In Colonial Records (Vol. 9, p.88) we find the last address from the Conestoga, dated November 30, 1763:
Pennsylvanian frontiersmen, particularly of Scots-Irish descent, festered increasing resentments against the Quaker-led Pennsylvanian government and its apparent sympathy for the Native people. The frontiersmen sought to defend their squatter properties from both Native American raids and the Pennsylvania Provincial Council. Suspicious that the peaceful natives of Conestoga Indiantown were providing aid and intelligence to the hostile natives on the frontier, these vigilantes formed their own militia with the goal of exterminating the local natives.
To the Honorable John Penn, esquire, lieutenant Governor and Commander-in-chief of the Province of Pennsylvania,
Brother: We (the Conestoga Indians) take the present opportunity, by Captain Montour, to welcome you into this Country by this string of Wampum and as we are settled at this place by an agreement of peace and amity established between your grandfathers and ours, we now promise ourselves your favor and protection, and as we have always lived in peace and quietness with our Brethren and neighbors round us during the last and present Indian Wars, we hope now, as we are deprived from supporting our families by hunting, as we formerly did, you will consider our distressed situation and grant our women and children some clothing to cover them this winter. The government has always been kind enough to allow us some provisions, and did formerly appoint people to take care of us, but as there is no person to take that upon him, and some of our neighbors have encroached upon the tract of land reserved here for our use, we would now beg our brother, the Governor to appoint our friend Captain Thomas McKee, who lives near us and understands our language, to take care and see Justice done us.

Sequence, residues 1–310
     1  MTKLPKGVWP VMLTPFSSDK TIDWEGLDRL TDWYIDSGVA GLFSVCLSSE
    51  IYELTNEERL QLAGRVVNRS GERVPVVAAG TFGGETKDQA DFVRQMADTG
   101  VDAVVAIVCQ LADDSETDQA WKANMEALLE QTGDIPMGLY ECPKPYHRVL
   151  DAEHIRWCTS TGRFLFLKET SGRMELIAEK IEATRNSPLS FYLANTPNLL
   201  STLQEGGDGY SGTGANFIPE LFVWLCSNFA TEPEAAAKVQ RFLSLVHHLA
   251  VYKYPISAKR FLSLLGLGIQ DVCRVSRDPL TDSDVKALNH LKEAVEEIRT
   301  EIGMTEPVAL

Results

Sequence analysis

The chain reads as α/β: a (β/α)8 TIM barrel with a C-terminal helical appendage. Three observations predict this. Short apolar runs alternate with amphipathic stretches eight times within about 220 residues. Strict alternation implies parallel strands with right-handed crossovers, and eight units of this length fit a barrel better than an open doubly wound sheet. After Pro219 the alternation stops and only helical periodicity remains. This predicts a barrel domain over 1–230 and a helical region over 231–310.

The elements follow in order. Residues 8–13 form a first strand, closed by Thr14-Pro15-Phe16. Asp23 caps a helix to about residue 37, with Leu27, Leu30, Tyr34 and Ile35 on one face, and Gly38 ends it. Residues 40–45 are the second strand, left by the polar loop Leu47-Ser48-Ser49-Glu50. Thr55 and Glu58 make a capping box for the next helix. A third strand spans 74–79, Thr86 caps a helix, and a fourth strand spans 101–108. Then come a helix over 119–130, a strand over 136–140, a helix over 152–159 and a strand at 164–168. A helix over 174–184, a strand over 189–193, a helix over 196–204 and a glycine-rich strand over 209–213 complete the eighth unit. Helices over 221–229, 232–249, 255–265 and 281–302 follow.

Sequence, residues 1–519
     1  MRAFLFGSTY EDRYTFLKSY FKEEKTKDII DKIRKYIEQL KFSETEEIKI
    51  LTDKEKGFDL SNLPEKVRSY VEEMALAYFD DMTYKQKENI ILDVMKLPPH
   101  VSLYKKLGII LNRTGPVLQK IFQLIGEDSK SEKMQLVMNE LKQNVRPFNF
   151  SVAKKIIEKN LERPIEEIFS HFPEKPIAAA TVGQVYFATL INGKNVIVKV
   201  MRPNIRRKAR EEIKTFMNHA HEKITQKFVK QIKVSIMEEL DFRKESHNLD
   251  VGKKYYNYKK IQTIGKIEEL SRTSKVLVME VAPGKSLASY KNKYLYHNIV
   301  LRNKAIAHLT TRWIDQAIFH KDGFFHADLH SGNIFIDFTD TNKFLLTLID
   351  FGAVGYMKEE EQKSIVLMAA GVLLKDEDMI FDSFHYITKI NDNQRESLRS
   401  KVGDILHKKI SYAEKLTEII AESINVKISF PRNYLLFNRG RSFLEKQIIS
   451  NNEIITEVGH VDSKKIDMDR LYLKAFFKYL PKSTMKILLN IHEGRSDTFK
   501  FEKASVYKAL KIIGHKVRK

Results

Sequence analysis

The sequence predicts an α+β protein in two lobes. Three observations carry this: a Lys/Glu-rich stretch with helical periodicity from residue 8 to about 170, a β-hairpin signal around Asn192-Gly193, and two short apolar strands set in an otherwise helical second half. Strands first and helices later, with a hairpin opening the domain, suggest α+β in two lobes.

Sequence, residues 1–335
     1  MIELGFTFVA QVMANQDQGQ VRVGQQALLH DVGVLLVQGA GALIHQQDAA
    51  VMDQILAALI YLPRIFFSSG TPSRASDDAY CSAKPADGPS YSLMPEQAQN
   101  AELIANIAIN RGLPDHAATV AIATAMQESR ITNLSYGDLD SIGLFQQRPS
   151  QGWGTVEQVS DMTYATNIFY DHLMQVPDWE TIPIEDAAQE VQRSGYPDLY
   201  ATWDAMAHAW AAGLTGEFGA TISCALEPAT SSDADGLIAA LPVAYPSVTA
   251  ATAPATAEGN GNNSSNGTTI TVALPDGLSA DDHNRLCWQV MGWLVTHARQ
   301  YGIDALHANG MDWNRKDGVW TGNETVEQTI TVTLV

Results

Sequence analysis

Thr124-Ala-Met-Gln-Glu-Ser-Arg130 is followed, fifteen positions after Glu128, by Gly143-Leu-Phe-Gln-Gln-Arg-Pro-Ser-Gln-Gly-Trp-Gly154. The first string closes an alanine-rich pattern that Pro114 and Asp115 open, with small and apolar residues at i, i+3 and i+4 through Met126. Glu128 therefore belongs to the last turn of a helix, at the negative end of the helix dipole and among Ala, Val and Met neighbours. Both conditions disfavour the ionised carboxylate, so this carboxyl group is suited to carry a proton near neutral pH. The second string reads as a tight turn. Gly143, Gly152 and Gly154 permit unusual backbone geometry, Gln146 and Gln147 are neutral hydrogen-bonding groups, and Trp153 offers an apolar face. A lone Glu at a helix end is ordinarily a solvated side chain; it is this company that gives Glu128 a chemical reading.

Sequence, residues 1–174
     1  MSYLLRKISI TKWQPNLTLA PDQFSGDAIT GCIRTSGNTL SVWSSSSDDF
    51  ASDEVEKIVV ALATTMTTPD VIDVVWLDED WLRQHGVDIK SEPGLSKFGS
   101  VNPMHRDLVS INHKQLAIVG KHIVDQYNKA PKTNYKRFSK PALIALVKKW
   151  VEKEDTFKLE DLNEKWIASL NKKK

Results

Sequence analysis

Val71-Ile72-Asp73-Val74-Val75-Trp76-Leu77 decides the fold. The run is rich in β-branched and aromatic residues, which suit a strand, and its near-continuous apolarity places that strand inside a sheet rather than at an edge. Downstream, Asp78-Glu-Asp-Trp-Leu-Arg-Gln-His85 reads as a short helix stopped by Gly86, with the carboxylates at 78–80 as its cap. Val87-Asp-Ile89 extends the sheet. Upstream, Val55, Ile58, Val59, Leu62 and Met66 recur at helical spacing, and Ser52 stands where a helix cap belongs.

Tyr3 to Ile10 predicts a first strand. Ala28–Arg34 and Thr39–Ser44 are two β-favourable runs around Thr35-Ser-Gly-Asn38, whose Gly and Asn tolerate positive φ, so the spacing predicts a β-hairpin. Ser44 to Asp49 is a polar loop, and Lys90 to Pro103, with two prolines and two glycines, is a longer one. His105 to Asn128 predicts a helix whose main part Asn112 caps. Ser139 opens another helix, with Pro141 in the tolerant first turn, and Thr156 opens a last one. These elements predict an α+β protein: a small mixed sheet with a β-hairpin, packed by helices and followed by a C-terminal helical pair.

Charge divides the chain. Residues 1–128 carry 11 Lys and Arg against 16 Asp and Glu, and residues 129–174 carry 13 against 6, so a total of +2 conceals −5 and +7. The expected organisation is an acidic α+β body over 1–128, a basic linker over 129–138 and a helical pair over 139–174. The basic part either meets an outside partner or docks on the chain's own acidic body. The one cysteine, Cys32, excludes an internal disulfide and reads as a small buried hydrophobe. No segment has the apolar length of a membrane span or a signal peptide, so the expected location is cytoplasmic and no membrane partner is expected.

SOHAYS, his mark
CUYANGUERRYCOEA, his mark
SAGUYASOTHA (JOHN), his mark (Colonial Records 9:88)
Right of Conquest